3. Be technically prepared and know the consequences of your decisions
Oh, your friend has a RED camera that he’ll let you use? Great, but say good-bye to that initial vague idea of editing the movie together on your laptop.
Your DoP wants to shoot at maximum quality? Well of course he does. Get ready to buy a shitload more of external hard drives than you had budgeted.
Someone forgot to check the FPS setting on the camera and filmed a whole day at the wrong frame rate? Say hello to an extra week of conversions and a whole array of sound issues you will never understand.
All I can say is, think everything through three times, and discuss with at least four people from different parts of the production workflow.
And sometimes be brave enough not to listen to any of them.
4. Think outside the box
The film industry has a very structured method of working. People in the biz are used to chain of command, assistants, independent departments, and the usual workflow. It’s almost like a religion – people just believe it to be the Law From Above without ever questioning it. By turning a lot of this upside-down you can really save time, money, and foster creativity. But at the same time be prepared to lead by example and pick up the garbage along with everyone else.
For us, while searching for our DoP we immediately hit a bunch of stonewalls. Your average DoP dreams of billions of megawatts of lighting, mile-long dolly tracks, 300 meter cranes, 100 day shoots, a harem of focus pullers, and some new camera and lens set not available on the continent yet. Guerilla low-budget filmmaking just isn’t very exciting to the DoP rock star. After much searching we were able to find our man, Balázs Dobóczy, who immediately starting coming up with solutions instead of just whining about what we couldn’t afford. I cannot praise him enough, because his positive, think-outside-the-box, old-school attitude filtered down into the entire camera crew, and made the director’s job so much easier. He won’t be winning any shiny awards for Black Soup, but a few of us are forever grateful.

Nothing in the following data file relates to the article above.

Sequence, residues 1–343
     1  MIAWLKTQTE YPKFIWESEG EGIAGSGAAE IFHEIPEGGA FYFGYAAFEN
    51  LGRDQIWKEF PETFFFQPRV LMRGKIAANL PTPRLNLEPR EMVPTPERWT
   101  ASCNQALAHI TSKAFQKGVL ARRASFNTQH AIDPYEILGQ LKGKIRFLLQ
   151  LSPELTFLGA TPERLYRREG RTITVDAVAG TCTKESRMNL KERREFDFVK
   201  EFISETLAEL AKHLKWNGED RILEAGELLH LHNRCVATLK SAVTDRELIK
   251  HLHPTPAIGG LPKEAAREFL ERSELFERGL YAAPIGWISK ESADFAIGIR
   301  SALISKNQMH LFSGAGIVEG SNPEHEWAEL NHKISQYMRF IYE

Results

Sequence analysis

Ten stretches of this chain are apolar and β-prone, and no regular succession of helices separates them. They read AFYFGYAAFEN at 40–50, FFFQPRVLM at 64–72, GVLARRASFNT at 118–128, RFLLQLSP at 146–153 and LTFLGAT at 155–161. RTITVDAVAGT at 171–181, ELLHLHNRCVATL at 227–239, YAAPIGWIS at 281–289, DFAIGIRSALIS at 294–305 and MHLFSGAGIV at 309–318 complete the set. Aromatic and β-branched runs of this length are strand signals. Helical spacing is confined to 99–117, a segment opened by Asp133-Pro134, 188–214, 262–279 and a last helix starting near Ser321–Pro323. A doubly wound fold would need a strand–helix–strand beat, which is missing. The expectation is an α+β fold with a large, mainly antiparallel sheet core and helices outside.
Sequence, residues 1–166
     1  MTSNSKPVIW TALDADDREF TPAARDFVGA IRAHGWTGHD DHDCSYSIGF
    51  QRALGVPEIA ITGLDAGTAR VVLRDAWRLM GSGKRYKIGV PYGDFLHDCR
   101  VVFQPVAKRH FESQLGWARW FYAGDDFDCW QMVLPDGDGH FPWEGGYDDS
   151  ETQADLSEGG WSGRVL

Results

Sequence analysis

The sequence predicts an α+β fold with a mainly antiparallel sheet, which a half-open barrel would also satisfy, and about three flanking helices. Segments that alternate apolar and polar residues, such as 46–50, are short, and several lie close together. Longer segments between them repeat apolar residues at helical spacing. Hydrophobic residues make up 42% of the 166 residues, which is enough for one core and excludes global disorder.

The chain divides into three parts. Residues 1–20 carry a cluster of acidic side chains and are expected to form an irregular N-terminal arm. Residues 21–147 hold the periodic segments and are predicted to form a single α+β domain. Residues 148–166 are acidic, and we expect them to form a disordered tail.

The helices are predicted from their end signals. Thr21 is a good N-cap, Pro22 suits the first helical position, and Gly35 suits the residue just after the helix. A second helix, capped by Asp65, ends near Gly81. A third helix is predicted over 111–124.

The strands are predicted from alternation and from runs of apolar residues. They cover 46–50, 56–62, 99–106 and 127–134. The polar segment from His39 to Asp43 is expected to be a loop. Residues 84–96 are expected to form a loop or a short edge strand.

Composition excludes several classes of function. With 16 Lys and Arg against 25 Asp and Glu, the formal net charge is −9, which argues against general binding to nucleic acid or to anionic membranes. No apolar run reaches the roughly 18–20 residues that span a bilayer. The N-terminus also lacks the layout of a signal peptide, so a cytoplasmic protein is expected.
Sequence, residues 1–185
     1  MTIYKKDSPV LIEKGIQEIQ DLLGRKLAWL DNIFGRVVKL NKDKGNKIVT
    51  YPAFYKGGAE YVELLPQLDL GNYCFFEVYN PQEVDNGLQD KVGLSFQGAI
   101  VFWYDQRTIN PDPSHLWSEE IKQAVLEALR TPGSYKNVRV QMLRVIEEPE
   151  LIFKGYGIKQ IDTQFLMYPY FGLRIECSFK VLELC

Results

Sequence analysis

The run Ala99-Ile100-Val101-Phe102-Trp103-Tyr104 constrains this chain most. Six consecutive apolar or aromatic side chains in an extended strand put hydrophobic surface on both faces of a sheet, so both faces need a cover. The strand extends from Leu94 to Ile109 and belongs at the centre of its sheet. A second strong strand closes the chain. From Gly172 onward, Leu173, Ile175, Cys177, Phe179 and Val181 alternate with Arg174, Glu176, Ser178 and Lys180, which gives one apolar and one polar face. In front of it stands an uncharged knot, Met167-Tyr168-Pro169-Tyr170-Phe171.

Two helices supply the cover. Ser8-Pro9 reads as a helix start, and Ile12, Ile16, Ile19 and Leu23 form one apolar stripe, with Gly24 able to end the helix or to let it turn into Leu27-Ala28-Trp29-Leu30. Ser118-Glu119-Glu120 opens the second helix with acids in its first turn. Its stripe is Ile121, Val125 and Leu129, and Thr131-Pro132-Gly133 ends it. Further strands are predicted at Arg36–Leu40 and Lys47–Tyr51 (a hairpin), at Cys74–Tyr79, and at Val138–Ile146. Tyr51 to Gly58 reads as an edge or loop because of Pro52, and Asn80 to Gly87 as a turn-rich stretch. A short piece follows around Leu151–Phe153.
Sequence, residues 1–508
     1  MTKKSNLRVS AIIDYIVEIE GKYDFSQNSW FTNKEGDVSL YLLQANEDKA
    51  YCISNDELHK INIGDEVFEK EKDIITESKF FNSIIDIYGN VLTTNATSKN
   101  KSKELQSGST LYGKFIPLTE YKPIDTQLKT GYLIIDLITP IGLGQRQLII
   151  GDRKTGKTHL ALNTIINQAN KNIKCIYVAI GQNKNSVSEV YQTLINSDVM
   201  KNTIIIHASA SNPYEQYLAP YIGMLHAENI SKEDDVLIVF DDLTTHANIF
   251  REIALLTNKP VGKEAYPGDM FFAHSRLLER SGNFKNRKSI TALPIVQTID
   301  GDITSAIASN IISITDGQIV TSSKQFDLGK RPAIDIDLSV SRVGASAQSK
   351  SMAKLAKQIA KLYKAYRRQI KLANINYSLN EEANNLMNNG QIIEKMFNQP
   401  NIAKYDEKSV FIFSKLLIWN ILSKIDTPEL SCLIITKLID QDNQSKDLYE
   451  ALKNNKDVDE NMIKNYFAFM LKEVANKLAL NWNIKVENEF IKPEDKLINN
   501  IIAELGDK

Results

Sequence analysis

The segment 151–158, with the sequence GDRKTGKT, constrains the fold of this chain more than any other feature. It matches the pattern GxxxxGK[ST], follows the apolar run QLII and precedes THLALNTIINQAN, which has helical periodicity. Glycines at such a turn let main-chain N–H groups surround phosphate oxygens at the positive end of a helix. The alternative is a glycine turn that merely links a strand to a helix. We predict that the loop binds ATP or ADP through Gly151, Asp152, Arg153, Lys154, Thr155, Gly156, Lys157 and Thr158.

One place not worth thinking outside the box is SOUND. This is half your movie. Think about it, plan for it, make sure it gets recorded well, and make sure that you give your sound guys ample time in post to work on it, after your picture is locked. Good sound remains a mystery to most filmmakers. Everyone wants great sound but doesn’t have the faintest clue about the process. So until you crack the code yourself, you will need a sound professional you can trust.
5. You are building long-term relationships
When making a movie like this, you are asking for a lot of favors, making a lot of deferment deals, and getting a lot of free help. Everyone will have their own reasons for getting involved: no work at the time, looking to break into the film industry, they like your endearing smile, they want to give back to the industry and support young talent, whatever. Most will be amazing and you will work with them for years to come, some will whine and bitch and do a great job nonetheless, and others won’t show up after the third day. That’s just how it works. But what you should always keep in mind is that you will be expected to call these same people when you are offering paying jobs as well. It’s simply bad etiquette to only call on someone when you don’t have money to pay. So pick your team well, and make sure they are up to the task, because you will owe them one – for better or worse.